• "The increasingly vocal protests are not what the industry expected five years after it began developing a certification system for producing environmentally sustainable palm oil. In 2004, the Roundtable on Sustainable Palm Oil was formed, representing palm oil producers; consumer goods manufacturers including Unilever, Johnson & Johnson and Kellogg; environmental groups like the World Wide Fund for Nature; and social and development organizations."
    • "The roundtable requires plantations to develop plans to protect rare or endangered species on their land and to assess whether there are cultural relics that need to be preserved."[5]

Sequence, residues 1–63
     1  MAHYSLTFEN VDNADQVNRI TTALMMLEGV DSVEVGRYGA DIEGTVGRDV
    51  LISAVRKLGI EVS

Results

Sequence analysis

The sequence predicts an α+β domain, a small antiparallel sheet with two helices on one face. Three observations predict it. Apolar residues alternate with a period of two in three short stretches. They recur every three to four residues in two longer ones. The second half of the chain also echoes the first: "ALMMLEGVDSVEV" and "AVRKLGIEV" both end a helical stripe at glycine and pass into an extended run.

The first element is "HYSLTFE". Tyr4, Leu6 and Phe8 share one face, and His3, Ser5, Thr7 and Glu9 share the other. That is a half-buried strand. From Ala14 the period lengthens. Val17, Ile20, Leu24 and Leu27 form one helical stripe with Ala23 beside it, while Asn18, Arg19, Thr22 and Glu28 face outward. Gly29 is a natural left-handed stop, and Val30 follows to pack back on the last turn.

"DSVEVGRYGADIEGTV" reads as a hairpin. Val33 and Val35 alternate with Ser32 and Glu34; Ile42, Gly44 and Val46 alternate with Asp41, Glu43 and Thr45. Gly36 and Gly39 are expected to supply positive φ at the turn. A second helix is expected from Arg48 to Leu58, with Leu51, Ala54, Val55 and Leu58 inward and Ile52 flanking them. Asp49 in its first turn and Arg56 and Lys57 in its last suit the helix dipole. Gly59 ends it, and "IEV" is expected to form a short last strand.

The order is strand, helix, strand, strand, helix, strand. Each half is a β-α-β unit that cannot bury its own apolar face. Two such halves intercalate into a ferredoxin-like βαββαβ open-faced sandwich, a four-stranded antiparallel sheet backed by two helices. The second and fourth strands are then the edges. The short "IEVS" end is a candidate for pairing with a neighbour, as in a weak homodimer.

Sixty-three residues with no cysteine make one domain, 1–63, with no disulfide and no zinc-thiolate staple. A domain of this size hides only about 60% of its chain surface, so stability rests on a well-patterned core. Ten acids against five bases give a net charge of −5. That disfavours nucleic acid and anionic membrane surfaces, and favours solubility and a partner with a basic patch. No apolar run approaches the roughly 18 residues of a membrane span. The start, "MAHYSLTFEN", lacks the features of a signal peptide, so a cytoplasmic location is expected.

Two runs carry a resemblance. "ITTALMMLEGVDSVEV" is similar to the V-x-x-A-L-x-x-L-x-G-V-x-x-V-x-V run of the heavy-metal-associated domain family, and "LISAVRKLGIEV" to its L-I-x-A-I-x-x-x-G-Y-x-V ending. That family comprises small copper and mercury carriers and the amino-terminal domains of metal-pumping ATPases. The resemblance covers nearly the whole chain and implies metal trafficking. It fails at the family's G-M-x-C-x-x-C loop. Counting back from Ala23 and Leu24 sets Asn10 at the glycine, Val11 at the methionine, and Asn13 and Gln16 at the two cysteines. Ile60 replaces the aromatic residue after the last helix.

• Dead Forests to Fuel Vehicles, 15 September 2009 by CleanTechnica: "The University of Georgia Research Foundation has developed an innovative way to turn dead trees into a liquid fuel and has licensed it to Tolero Energy in California. We could be driving on our dead forests as soon as 2010."
    • "The technology represents a leap forward for the biofuels industry. Not only does the resulting biofuel need no additional refinement before blending with diesel fuel, but it is a naturally very low-sulphur biofuel."
    • "Infestations of the mountain pine beetle have devastated forests in the western United States and Canada, killing over 40 million acres of pine trees. As the trees decompose and decay, they release millions of tons of CO2 into the atmosphere, and the devastation has created a significant and dangerous fire hazard in the western forests."